Analysis of literature data shows only a few studies for the anaerobic wastewater systems and indicates uncertainties to exist. Furthermore, the treatment of aerobic growth being well advanced but more development of the application of thermodynamic laws has to be directed to the study of anaerobic growth.
The treatment of McCarty (1972), for the analysis of wastewater treatment, gives an interesting application of the concept of Yave that expresses the yield in terms of grams of biomass per mole available electrons (which is defined as the number of electrons per C-mol electron donor upon combustion). The idea is that, assuming a constant Gibbs energy production per mole of electrons, the biomass yield per mole of available electrons might be constant. This parameter can be calculated using only black box information, but Yave is not a constant. This is due to the fact that the Gibbs energy of combustion per available electron depends strongly on the electron donor/acceptor couple. Furthermore, there is no intrinsic Second Law-based limit for Yave.
To study the anaerobic degradation of glucose Mosey (1983) used the YATP concept. This concept proposed by Beauchop and Elsden (1960) express the yield of biomass in terms of consumed ATP (YATP in grams of biomass dry weight/mol ATP). The YATP can be determined experimentally from growth yields studies. But this parameter is not a constant, and its value depends on the growth rate of the microorganism, on the substrate and on the composition of the cell material. And however the amount of ATP used for biosynthesis depends on the routes of carbon fixation, that is very difficult to define in a mixed culture like is present in anaerobic wastewater reactors. Moreover, for practical application one needs detailed biochemical knowledge. This concept, therefore, has no intrinsic limit based on the Second Law.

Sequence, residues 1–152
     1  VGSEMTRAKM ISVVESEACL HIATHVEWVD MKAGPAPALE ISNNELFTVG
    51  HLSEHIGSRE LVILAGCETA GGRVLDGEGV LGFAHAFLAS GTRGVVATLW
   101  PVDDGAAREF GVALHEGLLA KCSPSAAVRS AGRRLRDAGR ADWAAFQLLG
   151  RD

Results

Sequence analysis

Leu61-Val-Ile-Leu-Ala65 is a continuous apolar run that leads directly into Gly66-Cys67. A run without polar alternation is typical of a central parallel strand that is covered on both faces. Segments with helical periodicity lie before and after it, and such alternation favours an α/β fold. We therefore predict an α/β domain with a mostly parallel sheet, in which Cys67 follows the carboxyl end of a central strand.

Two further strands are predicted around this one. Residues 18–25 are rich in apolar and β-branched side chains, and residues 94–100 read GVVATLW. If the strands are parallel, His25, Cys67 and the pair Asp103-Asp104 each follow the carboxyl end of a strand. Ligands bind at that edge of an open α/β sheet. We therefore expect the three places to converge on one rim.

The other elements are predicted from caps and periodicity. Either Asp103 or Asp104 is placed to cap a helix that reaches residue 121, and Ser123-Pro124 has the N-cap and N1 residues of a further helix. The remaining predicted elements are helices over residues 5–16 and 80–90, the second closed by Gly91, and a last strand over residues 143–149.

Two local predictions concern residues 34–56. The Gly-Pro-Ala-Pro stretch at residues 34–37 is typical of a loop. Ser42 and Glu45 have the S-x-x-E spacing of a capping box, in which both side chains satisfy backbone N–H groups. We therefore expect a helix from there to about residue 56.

In the black box description the process is considered like an open system exchanging matter and energy with the environment and dissipating Gibbs energy. Only the chemistry of the conversion process is considered, and the biomass is specified by its elemental composition. Hence, it must be able to evaluate the biomass growth yield without having information about the intracellular biochemical properties of the microorganisms (e.g., electron transport chain or anabolic/catabolic properties).
Finally, applying elemental and energy balances, it is possible to evaluate the biomass or product yield, if one of them is known. But using the black description proposed by Heijnen et al. (1992), these yields are obtained in a theoretical manner.